Since the beginning of 2021, there has been a 102% increase in ransomware attacks compared to the beginning of last year according to cyber security firm Check Point Software. Unfortunately, small and medium-sized accounting firms are a primary target for these attacks given their lack of sophisticated security infrastructure.
Given this reality, it’s critical that every employee in your firm is educated about these security threats and how they can be prevented. This article will cover some of the most common security mistakes accounting firms make and some helpful solutions to solve them.
1. Using weak or insecure wireless networks
The first thing you should do to improve the security of your wireless network is to change the default administrative password to something complex and unique. Second, change the name of your wireless network so that it is not personally identifiable. Your network name, or SSID should not be named after your firm’s business. Also, be sure to use WPA-2, or Wi-Fi Protected Access 2, with Advanced Encryption Standard (AES) enabled. Your firm should not be using WEP, which is easy to hack. Lastly, use a VPN when accessing confidential information over public Wi-Fi outside of the office.
2. Poor or inconsistent approach to terminated employees
When terminating employees, it’s crucial that you deactivate their accounts immediately. All passwords and usernames should be deactivated from all apps and platforms to prevent customer information from being stolen. Have a structured off-boarding checklist to prevent cyber attackers from finding loopholes in your firm’s security. Be sure to backup and save any information from former employee accounts before deleting them.
3. Running outdated or unpatched software
Running software that is outdated, or worse, unpatched is a recipe for disaster. Unpatched software means that the program has vulnerabilities that the manufacturer is aware of and has released an update for, but that update has not been installed yet. Keeping software up to date requires vigilance and consistency. A security breach can affect even the latest software so it is important to regularly check for software updates which will patch these security holes.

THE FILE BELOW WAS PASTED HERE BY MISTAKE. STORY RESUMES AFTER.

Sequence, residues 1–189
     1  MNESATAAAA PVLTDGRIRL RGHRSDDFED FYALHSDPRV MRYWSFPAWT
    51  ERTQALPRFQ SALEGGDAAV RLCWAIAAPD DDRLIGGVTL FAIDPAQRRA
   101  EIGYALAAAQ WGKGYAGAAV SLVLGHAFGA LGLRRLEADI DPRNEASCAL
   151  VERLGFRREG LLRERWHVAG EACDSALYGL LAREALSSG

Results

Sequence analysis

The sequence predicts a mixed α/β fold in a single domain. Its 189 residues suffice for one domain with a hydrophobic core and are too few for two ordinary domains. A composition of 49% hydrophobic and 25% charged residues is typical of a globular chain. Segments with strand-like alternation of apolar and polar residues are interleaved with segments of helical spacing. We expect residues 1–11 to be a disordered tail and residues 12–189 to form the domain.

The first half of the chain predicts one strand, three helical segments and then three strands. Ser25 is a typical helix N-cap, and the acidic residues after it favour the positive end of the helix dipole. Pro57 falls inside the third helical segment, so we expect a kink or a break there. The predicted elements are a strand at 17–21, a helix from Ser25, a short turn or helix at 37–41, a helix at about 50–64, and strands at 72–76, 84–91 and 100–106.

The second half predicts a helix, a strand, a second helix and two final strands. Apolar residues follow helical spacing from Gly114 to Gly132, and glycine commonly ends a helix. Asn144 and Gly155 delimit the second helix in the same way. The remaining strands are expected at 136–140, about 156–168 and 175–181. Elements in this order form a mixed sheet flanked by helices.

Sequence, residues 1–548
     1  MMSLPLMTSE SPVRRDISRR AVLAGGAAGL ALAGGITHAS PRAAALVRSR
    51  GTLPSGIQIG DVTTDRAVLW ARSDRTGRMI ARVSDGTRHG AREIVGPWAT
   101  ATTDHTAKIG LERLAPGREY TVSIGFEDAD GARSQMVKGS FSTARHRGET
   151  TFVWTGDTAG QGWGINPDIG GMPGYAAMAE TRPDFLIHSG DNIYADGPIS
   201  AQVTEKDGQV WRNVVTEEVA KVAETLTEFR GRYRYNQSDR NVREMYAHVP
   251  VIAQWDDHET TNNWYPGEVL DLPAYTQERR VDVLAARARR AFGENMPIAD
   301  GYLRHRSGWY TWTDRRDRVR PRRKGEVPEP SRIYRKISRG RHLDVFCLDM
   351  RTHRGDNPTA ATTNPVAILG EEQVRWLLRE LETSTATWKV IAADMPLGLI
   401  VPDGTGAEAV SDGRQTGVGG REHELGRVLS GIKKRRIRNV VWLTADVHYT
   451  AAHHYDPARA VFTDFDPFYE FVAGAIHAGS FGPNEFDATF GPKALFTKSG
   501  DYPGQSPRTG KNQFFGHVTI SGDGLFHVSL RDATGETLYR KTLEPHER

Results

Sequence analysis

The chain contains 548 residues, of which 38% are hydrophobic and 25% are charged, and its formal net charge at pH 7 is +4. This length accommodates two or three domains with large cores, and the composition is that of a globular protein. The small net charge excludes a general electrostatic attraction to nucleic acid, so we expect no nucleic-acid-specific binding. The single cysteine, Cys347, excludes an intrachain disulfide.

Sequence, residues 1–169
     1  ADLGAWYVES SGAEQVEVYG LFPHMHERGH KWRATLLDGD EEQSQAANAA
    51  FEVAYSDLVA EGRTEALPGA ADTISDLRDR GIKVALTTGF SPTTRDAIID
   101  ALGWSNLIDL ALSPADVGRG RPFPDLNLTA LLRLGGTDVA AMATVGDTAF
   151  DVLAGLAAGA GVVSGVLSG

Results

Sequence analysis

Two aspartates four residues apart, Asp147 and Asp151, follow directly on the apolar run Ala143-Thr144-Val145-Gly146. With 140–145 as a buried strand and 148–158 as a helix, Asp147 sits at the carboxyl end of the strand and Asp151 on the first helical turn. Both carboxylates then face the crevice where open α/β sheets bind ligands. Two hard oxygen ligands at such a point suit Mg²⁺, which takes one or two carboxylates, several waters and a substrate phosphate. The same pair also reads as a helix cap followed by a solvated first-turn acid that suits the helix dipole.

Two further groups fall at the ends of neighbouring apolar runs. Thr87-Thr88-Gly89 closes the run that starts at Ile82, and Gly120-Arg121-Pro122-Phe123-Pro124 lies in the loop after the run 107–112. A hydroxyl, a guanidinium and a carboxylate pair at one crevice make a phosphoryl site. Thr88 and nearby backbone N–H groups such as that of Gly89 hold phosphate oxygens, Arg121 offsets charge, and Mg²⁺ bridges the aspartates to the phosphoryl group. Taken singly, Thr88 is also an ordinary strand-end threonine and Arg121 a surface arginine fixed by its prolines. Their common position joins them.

4. Haphazard backups
Daily cloud backups are the standard for all accounting firms, and they should include all your business data and ideally images of your computer's hard drives to speed recovery in the event of a ransomware attack. Routine backups ensure that your files will not be inaccessible in case of a ransomware attack, natural disaster, hardware failure, or theft. The easiest way to backup your firm’s data is in the cloud which provides security, encryption, and can be fully automated. You can augment a cloud backup with a local backup which can decrease the time to recovery in the event of a catastrophic data loss event.
5. Allowing employees to put company and client information on their own personal devices
Employees should never have company and client information on their personal computers or other devices that are not company-owned and company-managed. A common misconception is that mobile devices are not susceptible to ransomware attacks, but this is far from true. In fact, in the year 2020, over 4.2 million Americans were victims of a mobile ransomware attack (Kasperky, 2020). It only takes one click on a hazardous link for attackers to access information that they shouldn’t have. It might seem expensive to provide and manage devices for your employees, but it will cost a lot less than a security breach. Plus, you can have these devices returned when an employee leaves reducing the likelihood of residual data being leaked.